An assertion on Friday that it had defeated U.S. drones in the region was met with incredulity by analysts, but it appears to indicate broader concerns in Tehran.
A SERIES OF EXTREME claims Iran has made in recent weeks appear to reflect the regime’s persistent fears it has not yet responded strongly enough to President Donald Trump’s decision to kill prolific Iranian military commander Qassem Soleimani earlier this year, officials and analysts believe.
The head of air operations for the Islamic Revolutionary Guards Corps claimed Friday that his country had reverse engineered a U.S. surveillance drone Iran shot down last summer – a provocative attack that almost prompted a sharp military escalation with the U.S. at the time. Now, Iran claims, it has the technology to defeat the drones.
“We are now familiar with all its codes and frequencies, meaning that we can deactivate it not from a 100 kilomter distance, but from thousands of kilometers away from Tehran,” IRGC Aerospace Force Brig. Gen. Amir Ali Hajizadeh said in a press conference of the MQ-4 Triton drone. His comments came a day after the IRGC released new footage of the wreckage of part of that drone.
The claim is ridiculous, multiple analysts and experts tell U.S. News. Were Iran to develop the capability to extract such information – an incredulous feat in itself – it would serve its own best interests to keep that a secret, not broadcast it publicly, so it could continue to glean information about U.S. drone operations in the region. And if the latest claim were true, then the U.S. could simply change the codes it uses for its aircraft.
“In making such extreme claims, he made the debunking easy,” says Peter Singer, a strategist and senior fellow with the New America think tank. “He would have been better off just saying his girlfriend goes to another school than claiming Scarlett Johansson is coming to prom with him.”
But the claim appears to be part of a surge in propaganda focused on the potency of Iran’s military and intelligence apparatus that could indicate Tehran remains unconvinced it has responded forcefully enough to Trump’s surprise decision to kill Soleimani in a drone strike on Jan. 3. Iran’s top leaders claimed the subsequent response of firing ballistic missiles from its territory at two U.S. bases in Iraq – which the Pentagon confirmed – killed dozens of American troops, despite U.S. evidence that the attack resulted in no deaths or serious injuries aside from those diagnosed with concussions, or traumatic brain injury.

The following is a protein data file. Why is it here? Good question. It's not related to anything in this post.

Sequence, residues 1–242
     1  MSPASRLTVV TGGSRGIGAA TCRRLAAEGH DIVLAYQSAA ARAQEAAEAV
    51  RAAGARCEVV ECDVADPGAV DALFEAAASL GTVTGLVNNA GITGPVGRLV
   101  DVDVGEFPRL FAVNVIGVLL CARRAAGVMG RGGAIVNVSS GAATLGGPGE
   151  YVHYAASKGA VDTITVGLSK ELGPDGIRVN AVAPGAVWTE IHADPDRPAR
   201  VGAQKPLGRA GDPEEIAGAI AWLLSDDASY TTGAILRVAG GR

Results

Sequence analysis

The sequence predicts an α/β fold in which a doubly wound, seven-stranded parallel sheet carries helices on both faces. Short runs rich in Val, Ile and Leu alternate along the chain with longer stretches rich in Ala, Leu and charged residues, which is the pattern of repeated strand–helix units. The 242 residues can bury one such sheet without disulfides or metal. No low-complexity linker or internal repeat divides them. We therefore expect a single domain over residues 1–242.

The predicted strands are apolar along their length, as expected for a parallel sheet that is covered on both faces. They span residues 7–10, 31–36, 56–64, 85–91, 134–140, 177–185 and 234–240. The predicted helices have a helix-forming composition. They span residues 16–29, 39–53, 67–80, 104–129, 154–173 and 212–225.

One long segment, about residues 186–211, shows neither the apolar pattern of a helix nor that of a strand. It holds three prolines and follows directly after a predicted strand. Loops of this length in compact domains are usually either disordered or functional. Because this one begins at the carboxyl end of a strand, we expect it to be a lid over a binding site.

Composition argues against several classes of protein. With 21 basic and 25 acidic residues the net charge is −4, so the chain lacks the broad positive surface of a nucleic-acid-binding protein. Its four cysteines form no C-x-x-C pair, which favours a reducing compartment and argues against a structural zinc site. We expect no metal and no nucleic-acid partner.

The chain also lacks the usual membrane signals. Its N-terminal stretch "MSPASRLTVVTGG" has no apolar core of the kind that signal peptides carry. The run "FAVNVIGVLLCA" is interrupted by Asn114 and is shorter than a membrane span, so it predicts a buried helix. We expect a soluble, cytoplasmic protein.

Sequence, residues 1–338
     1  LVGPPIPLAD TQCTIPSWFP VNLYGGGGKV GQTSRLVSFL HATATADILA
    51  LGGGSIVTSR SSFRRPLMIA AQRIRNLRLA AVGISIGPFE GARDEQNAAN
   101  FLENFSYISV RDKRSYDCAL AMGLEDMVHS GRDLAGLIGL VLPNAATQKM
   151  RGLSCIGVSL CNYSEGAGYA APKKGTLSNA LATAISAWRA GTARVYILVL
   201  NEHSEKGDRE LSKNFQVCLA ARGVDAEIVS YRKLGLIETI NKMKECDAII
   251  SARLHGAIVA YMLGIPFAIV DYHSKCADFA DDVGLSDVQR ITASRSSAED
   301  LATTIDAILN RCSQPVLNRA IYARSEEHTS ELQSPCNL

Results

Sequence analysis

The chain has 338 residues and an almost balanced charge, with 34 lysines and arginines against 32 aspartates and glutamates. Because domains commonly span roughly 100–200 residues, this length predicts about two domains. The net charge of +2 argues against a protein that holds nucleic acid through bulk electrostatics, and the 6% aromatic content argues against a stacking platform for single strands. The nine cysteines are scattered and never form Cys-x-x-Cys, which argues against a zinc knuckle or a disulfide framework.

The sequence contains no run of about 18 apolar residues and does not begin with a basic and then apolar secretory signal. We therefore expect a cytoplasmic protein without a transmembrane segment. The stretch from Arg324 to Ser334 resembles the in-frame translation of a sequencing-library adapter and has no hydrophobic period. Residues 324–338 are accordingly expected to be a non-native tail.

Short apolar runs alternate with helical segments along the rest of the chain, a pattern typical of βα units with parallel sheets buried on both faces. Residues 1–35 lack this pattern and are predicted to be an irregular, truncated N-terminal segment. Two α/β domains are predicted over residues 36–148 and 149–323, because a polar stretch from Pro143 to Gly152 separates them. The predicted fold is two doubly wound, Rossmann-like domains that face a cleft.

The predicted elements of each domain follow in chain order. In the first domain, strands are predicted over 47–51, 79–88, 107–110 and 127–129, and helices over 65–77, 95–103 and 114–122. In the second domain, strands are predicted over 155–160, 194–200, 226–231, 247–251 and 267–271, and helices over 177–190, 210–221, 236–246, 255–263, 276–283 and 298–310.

Widespread protests in Iran against the act of U.S. aggression targeting one of the most visible figures in the Iranian regime soon gave way to a student-led uprising against the regime after Iran mistakenly shot down a Ukrainian passenger jet less than a week after Soleimani’s killing.
The regime has not orchestrated the kind of harsh crackdowns that have met prior protests, perhaps indicative of the weak position that Tehran finds itself. Now, some analysts suggest, it feels the need to demonstrate its power for a domestic audience and its friends internationally.
“They want to appear strong in the wake of Soleimani’s death. Their narrative has been they have responded to the attack and have shown they have challenged ‘U.S. hegemony,'” says Karl Kaltenthaler, a professor at the University of Akron and adviser to the U.S. military on Iran matters.
Iranian state news and its government’s official statements have centered on the idea that forces loyal to Tehran have succeeded in challenging U.S. dominance over Middle East affairs, he says.
“They are likely self-conscious that their armed response was pretty token and was not meant to really kill Americans in any numbers.”
The latest claim follows a series of similarly outlandish assertions from Tehran in recent weeks, including that it downed the U.S. E-11A surveillance plane that crashed in Afghanistan earlier this month – and that, according to Iran and its backers, at least one senior CIA official who orchestrated the Soleimani killing was secretly on board. Other claims from Iranian state news indicate that “dozens” of CIA officials were killed in the crash.
A source familiar with the investigation told U.S. News on Thursday that the U.S. military has confirmed only the plane’s two pilots were on board, in keeping with initial assertions from the Pentagon. And military investigators are no longer considering outside factors such as either a surface-to-air missile or enemy electronic interference as the cause of the crash, which now appears certainly to have been the result of a technical malfunction.
Iran also announced earlier this week that it will execute a man currently in custody who it alleges gave nuclear secrets to the CIA. This follows claims from Iran that it rounded up 17 CIA spies it also plans to prosecute.
Indeed Iran has frequently made what even it considers to be easily disprovable claims about its ability to defeat the U.S. militarily – principally to convey to the Iranian people that their government can protect them, says Chris Harmer, an Iran analyst and former U.S. Navy commander. He also points to the effect of “the decrepit state of the Iranian economy” as Iran continues to come under U.S. and international sanctions.
“It is increasingly apparent that the Iranian people no longer believe the regime’s lies,” Harmer says.